United States of America v. Dade
ORDER Granting 20 Motion for Default Judgment. Signed by District Judge David M. Lawson. (SPin)
UNITED STATES DISTRICT COURT
EASTERN DISTRICT OF MICHIGAN
UNITED STATES OF AMERICA,
Case Number 12-13224
Honorable David M. Lawson
LATOYA E. DADE and LATOYA E.
ORDER GRANTING MOTION FOR DEFAULT JUDGMENT
This matter is before the Court on the plaintiff’s motion for default judgment. On October
23, 2012, the plaintiff filed an original complaint under the authority of the Internal Revenue Code,
26 U.S.C. §§ 7405 and 7402, seeking recovery of an erroneously issued income tax refund. The
original complaint was served on and answered by defendant Latoya Dade. The complaint later was
dismissed without prejudice, by the stipulation of the parties. On October 26, 2016, the plaintiff
filed an amended complaint seeking recovery of the same erroneously paid refund. The plaintiff
filed certificates of service attesting to service of the summons and amended complaint on the
defendants. The defendants have not answered or otherwise responded to the amended complaint,
and the Clerk of the Court entered their defaults pursuant to Fed. R. Civ. P. 55(a) on February 3,
2017. The plaintiff then filed a motion for default judgment on April 5, 2017.
The Court held a hearing on the plaintiff’s motion on April 26, 2017, which was attended
by counsel for the government and defendant Latoya Dade, who appeared pro se. The Court
received evidence on the record as to the amount of damage. The defendant did not oppose the
government’s motion or offer contrary evidence. At the end of the hearing, based on the evidence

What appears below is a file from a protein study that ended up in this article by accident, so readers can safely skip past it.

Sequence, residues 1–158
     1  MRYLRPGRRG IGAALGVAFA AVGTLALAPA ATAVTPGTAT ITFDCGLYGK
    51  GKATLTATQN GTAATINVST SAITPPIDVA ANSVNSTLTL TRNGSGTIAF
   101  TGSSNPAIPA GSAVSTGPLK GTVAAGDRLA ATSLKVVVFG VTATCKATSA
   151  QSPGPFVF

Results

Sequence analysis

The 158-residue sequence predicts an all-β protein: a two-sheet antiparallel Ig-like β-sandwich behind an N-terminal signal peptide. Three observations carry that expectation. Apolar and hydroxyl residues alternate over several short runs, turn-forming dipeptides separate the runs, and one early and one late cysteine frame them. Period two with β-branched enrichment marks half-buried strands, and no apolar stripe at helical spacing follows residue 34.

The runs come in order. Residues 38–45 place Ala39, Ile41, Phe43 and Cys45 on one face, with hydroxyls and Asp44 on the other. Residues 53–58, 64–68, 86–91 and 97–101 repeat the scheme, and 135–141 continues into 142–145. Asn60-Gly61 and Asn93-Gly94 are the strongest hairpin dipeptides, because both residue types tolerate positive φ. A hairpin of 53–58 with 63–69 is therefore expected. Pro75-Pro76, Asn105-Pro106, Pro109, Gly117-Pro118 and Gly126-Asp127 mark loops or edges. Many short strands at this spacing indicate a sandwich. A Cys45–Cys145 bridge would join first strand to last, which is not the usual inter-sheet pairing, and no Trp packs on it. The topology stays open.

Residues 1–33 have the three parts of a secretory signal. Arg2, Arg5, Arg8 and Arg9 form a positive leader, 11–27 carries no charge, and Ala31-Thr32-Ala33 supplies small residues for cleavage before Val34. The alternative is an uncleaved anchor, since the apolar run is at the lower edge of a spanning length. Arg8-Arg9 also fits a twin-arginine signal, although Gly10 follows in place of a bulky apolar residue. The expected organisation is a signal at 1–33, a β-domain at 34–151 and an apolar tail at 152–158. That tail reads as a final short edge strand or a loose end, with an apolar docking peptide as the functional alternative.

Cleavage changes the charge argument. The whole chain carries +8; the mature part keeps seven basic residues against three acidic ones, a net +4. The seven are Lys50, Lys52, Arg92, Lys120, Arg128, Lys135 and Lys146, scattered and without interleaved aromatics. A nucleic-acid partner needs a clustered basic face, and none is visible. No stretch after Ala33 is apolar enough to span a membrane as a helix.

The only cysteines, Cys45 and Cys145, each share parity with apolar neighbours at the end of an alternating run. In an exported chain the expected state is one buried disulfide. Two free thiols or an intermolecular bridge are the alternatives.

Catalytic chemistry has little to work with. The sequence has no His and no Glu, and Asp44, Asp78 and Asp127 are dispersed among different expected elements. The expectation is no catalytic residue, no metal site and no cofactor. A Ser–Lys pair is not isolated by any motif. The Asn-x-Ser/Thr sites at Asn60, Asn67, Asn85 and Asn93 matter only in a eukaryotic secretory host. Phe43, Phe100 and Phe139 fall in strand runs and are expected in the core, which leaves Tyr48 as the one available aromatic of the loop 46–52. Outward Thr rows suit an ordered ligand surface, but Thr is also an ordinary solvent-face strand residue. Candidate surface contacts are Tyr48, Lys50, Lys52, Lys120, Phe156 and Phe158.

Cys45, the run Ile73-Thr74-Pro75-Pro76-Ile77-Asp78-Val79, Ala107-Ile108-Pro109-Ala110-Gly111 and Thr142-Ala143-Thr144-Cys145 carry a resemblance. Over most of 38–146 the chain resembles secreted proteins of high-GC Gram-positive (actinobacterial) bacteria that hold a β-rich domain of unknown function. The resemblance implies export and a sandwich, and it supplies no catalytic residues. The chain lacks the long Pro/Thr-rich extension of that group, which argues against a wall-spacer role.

presented at the hearing and the well-pleaded allegations in the complaint, the Court announced from
the bench its decision to award a judgment in favor of the plaintiff and against the defendants in the
amount of $266,279.05, which includes the amounts attested to by the government’s revenue agent
for outstanding principal, along with interest, penalties, and fees, through February 15, 2017.
Because the defendants have failed to answer or otherwise respond to the complaint and the
Clerk has entered default against them, the Court must accept all well pleaded factual allegations
in the complaint as true. Stooksbury v. Ross, 528 F. App’x 547, 551 (6th Cir. 2013). The amended
complaint alleges that on “March 12, 2009, Latoya E. Dade filed an income tax return (Form 1041)
in the name of the taxpayer ‘Latoya E. Dade TR’ for the income tax year 2008, which named
‘Latoya Dade TTEE’ as the fiduciary of the taxpayer.” Am. Compl. ¶ 5. On the Form 1041, Dade
reported “an equal amount of income and deductions for the purported trust,” where she “listed total
income for the purported trust in the amount of $534,256, but then deducted $534,256 in fiduciary
fees, and reported that the purported trust had $0 in income tax liability.” Id. ¶ 6. Dade “also
reported on the Form 1041 that the purported trust had federal income tax withheld in the amount
of $178,085, and was entitled to a refund in the amount of $178,085.” Id. ¶ 7. The complaint further